Tips For Designing An Accessible Website
People are in business to make money, and revenue generation is the ultimate goal of most business websites, not just informational. Even though everyone tells you to find a niche in your field, you still know that numbers matter, and you want your design to appeal to as many people as possible.
When you monitor analytics, you look for spikes in traffic and increased engagement with your content. But are you potentially excluding many potential customers, fans, and followers by not designing for accessibility?
In What Ways Does Accessible Design Attempt To Include People?
Most people think of people with permanent visual, auditory, and cognitive disabilities when designers talk about accessible or inclusive design. Nevertheless, this is actually a much broader demographic. Additionally, accessible design means considering how to include people who may be temporarily disabled (such as those who suffer from a broken limb) or who may have gradual changes in their abilities (such as the elderly).
Be inclusive of those who may not have access to high-speed internet or who only use a mobile phone to access the internet. Design your website to meet the needs of your website's visitors. Are they likely to access your site while experiencing a stressful situation? Are they usually in a noisy, bright environment or a quiet, dimly lit environment?
If you take into account your visitors' cultural, linguistic, and socioeconomic backgrounds, you may find that they cannot relate to the images you choose. But in the end, they will still become awesome customers.
I have compiled a list of my top four tips for creating a more accessible web design.
1. Keep layouts clean and simple.
Layouts that are cluttered aren't just bad design, they can be difficult to understand and interact with as well. The back button will likely be clicked if visitors cannot find answers to their questions quickly or need to work too hard to figure out what you're asking them to do. A dexterity issue may also make it difficult for those with small elements to interact with those that are clustered too closely to each other.
2. Use color wisely.
Think beyond how you see color on your website when considering it. Not only should you consider those with visual impairments, but also those who may be viewing your site on a mobile phone in bright sunlight or an elderly user who may benefit from high-contrast elements as well. If you want your visitors of all abilities to be able to find and discover your content, offer alternatives to color to differentiate different parts of your navigation.
3. Put alt text, metadata and links to work.
This is yet another example of how designing for all can make search engines such as Google happy. Alt text was originally used to feed information to screen readers and is now a standard best practice for SEO. Adding keyword-rich content to your website will help users, including captions for videos and audio files, as well as text transcripts for audio and video files.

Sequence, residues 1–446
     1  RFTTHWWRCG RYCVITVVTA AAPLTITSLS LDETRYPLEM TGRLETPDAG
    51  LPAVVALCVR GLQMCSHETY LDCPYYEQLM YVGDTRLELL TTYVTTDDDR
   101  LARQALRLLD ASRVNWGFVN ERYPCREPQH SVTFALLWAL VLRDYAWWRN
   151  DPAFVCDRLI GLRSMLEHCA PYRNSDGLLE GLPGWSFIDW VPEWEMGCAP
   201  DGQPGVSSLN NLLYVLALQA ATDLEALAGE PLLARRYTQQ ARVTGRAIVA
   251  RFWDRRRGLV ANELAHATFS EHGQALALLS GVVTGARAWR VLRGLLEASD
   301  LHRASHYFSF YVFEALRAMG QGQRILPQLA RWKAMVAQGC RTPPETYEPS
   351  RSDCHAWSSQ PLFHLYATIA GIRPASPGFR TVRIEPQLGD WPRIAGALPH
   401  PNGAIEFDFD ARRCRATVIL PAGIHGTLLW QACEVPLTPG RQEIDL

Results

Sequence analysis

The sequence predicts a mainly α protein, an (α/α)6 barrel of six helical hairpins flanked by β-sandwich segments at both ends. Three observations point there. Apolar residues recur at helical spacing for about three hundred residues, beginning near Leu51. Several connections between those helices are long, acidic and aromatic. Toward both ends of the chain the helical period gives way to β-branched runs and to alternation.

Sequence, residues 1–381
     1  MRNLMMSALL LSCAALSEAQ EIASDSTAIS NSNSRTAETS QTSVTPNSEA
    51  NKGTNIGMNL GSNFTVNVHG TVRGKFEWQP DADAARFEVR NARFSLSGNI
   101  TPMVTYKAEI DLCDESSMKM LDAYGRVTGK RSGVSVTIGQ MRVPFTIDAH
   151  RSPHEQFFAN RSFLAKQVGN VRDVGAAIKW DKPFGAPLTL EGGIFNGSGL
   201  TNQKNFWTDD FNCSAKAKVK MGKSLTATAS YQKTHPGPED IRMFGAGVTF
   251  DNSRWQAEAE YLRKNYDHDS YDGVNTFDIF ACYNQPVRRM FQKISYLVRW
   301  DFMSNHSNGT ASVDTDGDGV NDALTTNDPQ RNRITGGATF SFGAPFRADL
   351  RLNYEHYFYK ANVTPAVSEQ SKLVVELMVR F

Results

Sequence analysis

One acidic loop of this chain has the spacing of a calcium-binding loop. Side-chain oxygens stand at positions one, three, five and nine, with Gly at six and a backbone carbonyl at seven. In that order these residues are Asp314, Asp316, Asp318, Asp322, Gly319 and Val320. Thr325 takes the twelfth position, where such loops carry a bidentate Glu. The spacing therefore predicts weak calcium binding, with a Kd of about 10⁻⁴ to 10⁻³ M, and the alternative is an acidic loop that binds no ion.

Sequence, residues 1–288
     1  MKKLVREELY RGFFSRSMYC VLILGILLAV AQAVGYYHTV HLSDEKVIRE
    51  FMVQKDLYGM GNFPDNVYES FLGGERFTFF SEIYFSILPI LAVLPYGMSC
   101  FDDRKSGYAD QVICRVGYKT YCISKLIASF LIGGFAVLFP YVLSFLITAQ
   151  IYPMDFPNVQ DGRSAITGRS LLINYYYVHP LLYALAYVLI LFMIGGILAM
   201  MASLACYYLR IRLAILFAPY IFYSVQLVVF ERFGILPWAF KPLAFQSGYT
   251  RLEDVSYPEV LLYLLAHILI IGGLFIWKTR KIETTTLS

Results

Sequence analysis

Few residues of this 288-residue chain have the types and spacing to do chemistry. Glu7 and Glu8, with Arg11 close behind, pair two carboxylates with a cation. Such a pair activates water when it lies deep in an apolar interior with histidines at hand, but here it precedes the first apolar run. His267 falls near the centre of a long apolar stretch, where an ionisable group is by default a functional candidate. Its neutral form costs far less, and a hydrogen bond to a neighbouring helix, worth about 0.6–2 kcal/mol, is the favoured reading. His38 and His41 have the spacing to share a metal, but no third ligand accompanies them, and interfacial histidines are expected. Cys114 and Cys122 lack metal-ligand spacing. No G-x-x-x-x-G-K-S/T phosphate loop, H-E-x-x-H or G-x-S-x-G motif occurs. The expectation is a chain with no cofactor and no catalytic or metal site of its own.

Users and search engines will both benefit if you avoid using the "read more here" text hyperlink. Using natural language to describe what will happen after clicking is more helpful to users and search engines alike.
4. Remember, boring and consistent can be good things.
When we work in tech or on websites every day, using the same interfaces and features can get boring, so we come up with new ways of styling buttons or interacting with content. It may be great for moving the field forward, but most users want buttons to look and behave like buttons, along with navigation that appears in the "traditional" way.
In spite of the fact that cutting-edge web design does have its place, it is not a requirement for an everyday business website. Users who are less tech-savvy expect web designs to remain static and consistent. If visitors have to learn a new set of rules for interacting with your content, they will not give your site a chance and will quickly become frustrated if things don't work as they should. The design of buttons, navigational layout, and other structural elements should be boring.
Inclusive design benefits everyone.
It is great news that designing for a wide audience forces you to implement some standard web design best practices because now you know how to make sure your web design appeals to a broader demographic. Studies have shown that accessible websites perform better in search, have lower maintenance costs, and reach a wider audience, according to usability.gov.
Accessible design benefits all of us equally, whether we use a phone or a voice assistant such as Siri, Alexa, or Google Home to interact with the web. That's what we call a win-win.
Got questions? Visit us @ www.sirkle.com and we’re happy to help.